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|Those who dare peer into the forbidden zones discover chilled rooms with |
mysterious closets and corners filled with imaginary fear. It is fascinating ... James
Russell Lowell, the poet, queried, “Who's not sat tense before his own heart's
|In sonnet 30 he declares that his friend is a compensation, not merely for many |
disappointments and unrealised hopes, but also for the loss of earlier friends:
When to the sessions of sweet ... ('Who's not sat tense before his own heart's
|Who's not sat tense before his own heart's curtain?70 The soul's authentic reality |
does not appear on the stage of this world. Rilke consoles himself with the
thought that 'one can always watch', and Balthasar interprets this to mean there is
|It was the famous Rocky Balboa who said, "It's not about how hard you can hit. It's |
about how hard you can ... Courage is fearing but proceeding anyway. After all, "
Who has not sat tense before his own heart's curtain?" No one. Courage is the ...
|We're not at one. We've no instinctive knowledge, like migratory birds. Outstript |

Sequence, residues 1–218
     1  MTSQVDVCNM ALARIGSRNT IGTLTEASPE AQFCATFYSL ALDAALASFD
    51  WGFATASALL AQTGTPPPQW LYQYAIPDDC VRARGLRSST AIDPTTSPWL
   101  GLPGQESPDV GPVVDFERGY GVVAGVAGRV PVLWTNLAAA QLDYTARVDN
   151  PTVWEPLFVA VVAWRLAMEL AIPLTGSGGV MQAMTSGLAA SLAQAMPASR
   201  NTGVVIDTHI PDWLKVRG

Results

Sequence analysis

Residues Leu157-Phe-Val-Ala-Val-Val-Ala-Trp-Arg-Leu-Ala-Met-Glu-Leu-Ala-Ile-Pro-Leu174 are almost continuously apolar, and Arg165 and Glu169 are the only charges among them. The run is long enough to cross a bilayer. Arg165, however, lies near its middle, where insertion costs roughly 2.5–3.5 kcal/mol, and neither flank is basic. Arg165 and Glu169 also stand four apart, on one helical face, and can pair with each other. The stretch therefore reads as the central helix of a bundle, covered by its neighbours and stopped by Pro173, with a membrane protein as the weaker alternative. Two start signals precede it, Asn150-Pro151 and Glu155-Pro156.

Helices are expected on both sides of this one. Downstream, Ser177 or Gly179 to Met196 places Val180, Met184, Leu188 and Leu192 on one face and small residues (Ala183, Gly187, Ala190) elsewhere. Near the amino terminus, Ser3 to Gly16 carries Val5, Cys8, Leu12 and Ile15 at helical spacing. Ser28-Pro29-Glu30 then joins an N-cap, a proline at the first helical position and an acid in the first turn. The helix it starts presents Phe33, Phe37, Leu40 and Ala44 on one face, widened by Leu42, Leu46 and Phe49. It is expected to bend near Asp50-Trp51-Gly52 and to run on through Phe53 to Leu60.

and late, we force ourselves on winds and find no welcome from ponds where we
alight. ... Who's not sat tense before his own heart's curtain? Up it would go: the ...
|TOUCHSTONES (13 NOVEMBER) Year 9:1 Who's not sat tense before his own |
heart's curtain? RAINER MARIA RILKE, IN TOUCHSTONES (19 SEPTEMBER)
Looking at ourselves, squarely in the mirror, may feel as frightening as anything ...
|And if we are not, it is likely to give the soul such a twist as to deform it forever.” “|
Virtue, once ... “The heart yields spontaneity; the mind bends to understanding.” “
My first wish ... “Who is not sat tense before his own heart's curtain.” “We see the ...
|Again the same phenomenon often noted before: the weakness attaching to the |
human personality. In fact it is simply ... IIl Now Rilke's train of thought takes a
new and surprising turn: Who's not sat tense before his own heart's curtain? 
|Who's not sat tense before his own heart's curtain? Up it would go: the scenery |
was parting, Montherlant' s writing was then not only the product of his
experience of life, it also afforded the basis for the construction of a self and the
|Then, she implies, you will find your identity, or, in the words of Isak Dinesen later |
in her career, you will discover who you are ... the marionette, the doll, to the
bourgeois, and he explains why: Who's not sat tense before his own heart's